Written by Industry Expert, Derek Johnson, Certified Lake Manager and Fisheries and Wildlife Scientist
Excessive cyanobacteria growth has become a serious nuisance and concern in our lakes and ponds across the nation. Commonly referred to as blue-green algae, they are best known for their blooms that have the appearance of spilled paint. Blue-green algae can grow quickly when the water is warm and enriched with nutrients. There are many different species, but the most commonly detected is Anabaena, Aphanizomenon, Microcystis, and Planktothrix. However, multiple species can create a bloom in a waterbody, and the dominant species can change over the course of the season.
Listen to Industry Expert Chris Doyle explain cyanobacteria:
Many species of blue-green algae have evolved to control their buoyancy. As the availability of light and nutrients change with the time of day and weather conditions, an algal cell is able to move up and down water depths. At night, when there is no light, cells are unable to adjust their buoyancy and often float to the surface, forming a surface bloom. This means that an algae bloom can literally appear overnight and stay on the surface until wind and waves are able to scatter the cells throughout the waterbody and dissipate the bloom.
Common concerns associated with blue-green algae are taste and odor compounds and toxin production causing drinking water contamination. Taste and odor compounds are responsible for most complaints when a blue-green algae bloom is present. An “earthy” odor emanating from a waterbody is indicative of the compound, geosmin. Some of the more dangerous compounds that could potentially be produced are neurotoxins (nerve damage), hepatoxins (liver damage), and endotoxins (skin irritants). Toxins are naturally produced chemical compounds within the cells. When the cells are broken open, the toxins are released into the water. This could result in a substantial concentration of the toxins in the water and lead to health issues in humans and surrounding wildlife. Even when the blue-green algae is no longer visible, toxins may be present for some period of time. The only way to determine if these toxins are present is to have water samples collected and analyzed in a laboratory.
There are no quick fixes for the control of blue-green algae once they appear in a lake or pond. Using an algaecide and water quality enhancer in the early stages of a bloom may help to limit the growth and help mitigate excessive nutrients in the waterbody. Eventually, by reducing the overall amount of nutrients within a waterbody, bloom frequency and intensity may be reduced. However, it may take a long time to effectively change the nutrient concentrations in a waterbody. Inputs from the watershed that enter a lake or pond every year will lead to large amounts of phosphorous in the sediment. The nutrients will continue to serve as a source of food for the blue-green algae and lead to future, potentially larger, blooms. There are phosphorus binding compounds that can be applied to your waterbody to help reduce the available “food source” for algae.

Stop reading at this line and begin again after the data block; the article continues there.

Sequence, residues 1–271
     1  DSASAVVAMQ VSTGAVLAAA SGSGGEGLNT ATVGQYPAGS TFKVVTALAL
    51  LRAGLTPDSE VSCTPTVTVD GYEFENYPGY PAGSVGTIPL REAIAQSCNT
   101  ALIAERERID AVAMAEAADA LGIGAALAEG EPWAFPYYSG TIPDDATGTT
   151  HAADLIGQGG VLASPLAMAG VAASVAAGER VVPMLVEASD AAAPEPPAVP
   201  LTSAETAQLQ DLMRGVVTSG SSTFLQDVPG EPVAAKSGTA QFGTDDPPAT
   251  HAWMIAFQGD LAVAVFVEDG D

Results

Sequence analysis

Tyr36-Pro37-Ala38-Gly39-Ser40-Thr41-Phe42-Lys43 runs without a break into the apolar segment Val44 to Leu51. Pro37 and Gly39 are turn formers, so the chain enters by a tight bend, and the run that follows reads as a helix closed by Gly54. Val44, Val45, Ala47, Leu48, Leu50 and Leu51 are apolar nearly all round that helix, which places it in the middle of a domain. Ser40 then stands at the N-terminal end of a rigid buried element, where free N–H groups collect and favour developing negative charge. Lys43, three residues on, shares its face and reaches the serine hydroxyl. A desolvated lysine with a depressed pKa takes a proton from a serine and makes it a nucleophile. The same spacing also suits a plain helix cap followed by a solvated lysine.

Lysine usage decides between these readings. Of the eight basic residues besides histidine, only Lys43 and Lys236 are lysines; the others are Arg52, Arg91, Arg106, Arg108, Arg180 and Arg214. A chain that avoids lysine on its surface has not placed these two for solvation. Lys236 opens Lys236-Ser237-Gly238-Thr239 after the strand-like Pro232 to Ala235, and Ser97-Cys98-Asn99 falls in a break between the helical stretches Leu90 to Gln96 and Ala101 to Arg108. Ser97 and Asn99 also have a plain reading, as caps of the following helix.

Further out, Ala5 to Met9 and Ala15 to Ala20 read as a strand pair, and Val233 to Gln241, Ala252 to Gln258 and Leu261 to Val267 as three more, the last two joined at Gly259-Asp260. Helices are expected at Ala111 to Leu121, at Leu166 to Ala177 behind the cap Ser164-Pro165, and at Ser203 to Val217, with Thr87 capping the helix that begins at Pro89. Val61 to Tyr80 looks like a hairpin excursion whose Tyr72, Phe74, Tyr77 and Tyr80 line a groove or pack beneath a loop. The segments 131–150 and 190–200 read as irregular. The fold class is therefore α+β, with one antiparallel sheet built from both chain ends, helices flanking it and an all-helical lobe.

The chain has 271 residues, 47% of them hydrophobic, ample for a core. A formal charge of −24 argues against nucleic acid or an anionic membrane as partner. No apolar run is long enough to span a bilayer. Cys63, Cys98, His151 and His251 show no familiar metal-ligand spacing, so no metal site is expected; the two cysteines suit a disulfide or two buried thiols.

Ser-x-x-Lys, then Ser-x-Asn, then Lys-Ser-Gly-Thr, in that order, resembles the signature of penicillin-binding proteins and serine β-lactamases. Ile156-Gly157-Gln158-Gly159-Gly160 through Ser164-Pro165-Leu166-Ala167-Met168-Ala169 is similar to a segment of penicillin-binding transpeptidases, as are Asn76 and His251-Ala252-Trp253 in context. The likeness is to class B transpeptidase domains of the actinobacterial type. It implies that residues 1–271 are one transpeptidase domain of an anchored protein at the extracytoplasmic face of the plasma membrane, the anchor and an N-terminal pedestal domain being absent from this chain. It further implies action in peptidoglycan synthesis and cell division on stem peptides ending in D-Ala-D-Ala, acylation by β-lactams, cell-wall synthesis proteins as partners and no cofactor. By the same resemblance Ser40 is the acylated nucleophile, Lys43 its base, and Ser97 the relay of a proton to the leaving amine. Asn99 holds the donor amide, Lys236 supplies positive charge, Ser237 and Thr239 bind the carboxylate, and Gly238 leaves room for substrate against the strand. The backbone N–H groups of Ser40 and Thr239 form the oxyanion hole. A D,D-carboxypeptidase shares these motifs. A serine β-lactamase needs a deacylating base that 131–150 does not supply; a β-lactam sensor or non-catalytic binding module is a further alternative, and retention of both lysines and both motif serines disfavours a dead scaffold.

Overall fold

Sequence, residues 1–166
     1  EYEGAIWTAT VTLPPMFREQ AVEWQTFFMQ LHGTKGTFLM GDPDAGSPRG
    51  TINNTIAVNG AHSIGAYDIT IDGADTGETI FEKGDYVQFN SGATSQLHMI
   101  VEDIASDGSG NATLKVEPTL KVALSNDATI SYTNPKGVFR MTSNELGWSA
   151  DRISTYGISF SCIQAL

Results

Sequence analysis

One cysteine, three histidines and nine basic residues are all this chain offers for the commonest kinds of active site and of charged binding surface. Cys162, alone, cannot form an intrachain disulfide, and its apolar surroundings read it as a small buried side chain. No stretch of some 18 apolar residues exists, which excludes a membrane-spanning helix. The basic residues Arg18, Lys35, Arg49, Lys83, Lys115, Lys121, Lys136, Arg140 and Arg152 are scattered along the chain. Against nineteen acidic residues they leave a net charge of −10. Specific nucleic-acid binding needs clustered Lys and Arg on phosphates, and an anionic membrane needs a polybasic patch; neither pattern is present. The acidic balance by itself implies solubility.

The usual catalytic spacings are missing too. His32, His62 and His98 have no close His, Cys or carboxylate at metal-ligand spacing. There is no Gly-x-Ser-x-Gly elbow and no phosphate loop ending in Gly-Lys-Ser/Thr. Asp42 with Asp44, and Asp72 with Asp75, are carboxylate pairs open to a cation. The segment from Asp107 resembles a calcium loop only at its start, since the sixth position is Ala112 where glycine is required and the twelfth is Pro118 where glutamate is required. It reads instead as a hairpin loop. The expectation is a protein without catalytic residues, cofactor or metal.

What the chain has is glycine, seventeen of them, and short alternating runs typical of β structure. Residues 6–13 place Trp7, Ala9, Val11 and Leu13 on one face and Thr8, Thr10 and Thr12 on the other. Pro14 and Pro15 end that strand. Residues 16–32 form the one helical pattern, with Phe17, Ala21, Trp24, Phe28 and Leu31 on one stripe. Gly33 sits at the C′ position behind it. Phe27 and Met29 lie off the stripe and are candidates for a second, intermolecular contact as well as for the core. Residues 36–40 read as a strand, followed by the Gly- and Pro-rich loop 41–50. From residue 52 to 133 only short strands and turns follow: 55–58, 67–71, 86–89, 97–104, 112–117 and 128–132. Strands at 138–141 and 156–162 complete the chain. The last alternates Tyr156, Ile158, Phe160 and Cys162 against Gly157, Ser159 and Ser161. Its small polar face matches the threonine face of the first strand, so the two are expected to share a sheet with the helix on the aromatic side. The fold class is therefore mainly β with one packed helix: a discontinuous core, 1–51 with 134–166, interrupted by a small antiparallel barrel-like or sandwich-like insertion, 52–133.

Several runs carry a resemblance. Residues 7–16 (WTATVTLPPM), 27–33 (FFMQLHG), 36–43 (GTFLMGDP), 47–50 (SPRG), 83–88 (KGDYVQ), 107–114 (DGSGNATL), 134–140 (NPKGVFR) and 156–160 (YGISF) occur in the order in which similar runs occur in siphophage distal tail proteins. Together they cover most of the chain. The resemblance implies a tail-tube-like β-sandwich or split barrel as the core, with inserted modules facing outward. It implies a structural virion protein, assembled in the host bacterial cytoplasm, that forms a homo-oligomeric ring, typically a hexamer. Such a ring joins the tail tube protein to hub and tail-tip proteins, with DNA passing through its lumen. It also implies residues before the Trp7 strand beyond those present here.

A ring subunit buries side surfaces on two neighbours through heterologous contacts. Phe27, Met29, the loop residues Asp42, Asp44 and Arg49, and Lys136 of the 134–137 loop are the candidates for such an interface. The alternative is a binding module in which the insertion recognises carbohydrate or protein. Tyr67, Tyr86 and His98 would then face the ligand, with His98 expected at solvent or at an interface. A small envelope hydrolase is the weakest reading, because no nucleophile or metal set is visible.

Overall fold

Another approach to prevent the nutrients from becoming available to the blue-green algae is the installation of submersed aeration. Adding oxygen at the bottom of a lake or pond will act as the glue that will help bind the nutrients (phosphorous) to the iron in the sediment and keep it inaccessible to the blue-green algae.
SonicSolutions technology, which uses sound waves at a specific vibration frequency to disrupt the cell walls of the algae (similar to how an opera singer can shatter a glass by using their voice), can also be used. In essence, the sound waves will cause the algal cells to shrivel up without breaking apart and releasing the potentially dangerous toxins. This may be a safe alternative in certain situations where a large die off of blue-green algae would be dangerous due to the simultaneous toxic release.
SOLitude Lake Management has the tools, experience, and expertise to help prevent and control a potentially dangerous blue-green algae bloom. Educating residents and managers to use best management practices can also promote awareness and minimize a bloom: using lawn fertilizers only where truly needed, preventing yard debris (e.g., leaves, grass clippings, etc.) from washing into storm drains and waterbodies, and planting native vegetation along shorelines of lakes, ponds and streams are just a few examples. Precautions should always be taken when there are blue-green algae present in a waterbody and residents should wait for a bloom to dissipate before going in or near the water.
Contact the experts at 888-480-LAKE (5253) for all of your lake, pond and fisheries management needs.
Derek Johnson is Certified Lake Manager and Fisheries and Wildlife Scientist with SOLitude Lake Management. SOLitude Lake Management is committed to providing full service lake and pond management services that improve water quality, preserve natural resources, and reduce our environmental footprint. Lake, pond and fisheries management services, consulting, and aquatic products are available nationwide. Learn more about SOLitude Lake Management and purchase products at www.solitudelakemanagement.com.